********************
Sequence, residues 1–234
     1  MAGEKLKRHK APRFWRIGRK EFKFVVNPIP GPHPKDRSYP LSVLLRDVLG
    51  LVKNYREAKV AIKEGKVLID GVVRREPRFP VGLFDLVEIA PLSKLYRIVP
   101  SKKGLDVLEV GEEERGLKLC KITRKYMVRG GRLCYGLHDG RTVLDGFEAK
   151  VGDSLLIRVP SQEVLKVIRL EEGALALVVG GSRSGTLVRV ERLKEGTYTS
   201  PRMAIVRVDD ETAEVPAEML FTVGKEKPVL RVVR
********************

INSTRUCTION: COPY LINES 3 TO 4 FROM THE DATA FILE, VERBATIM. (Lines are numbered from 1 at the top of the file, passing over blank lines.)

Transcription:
    51  LVKNYREAKV AIKEGKVLID GVVRREPRFP VGLFDLVEIA PLSKLYRIVP
   101  SKKGLDVLEV GEEERGLKLC KITRKYMVRG GRLCYGLHDG RTVLDGFEAK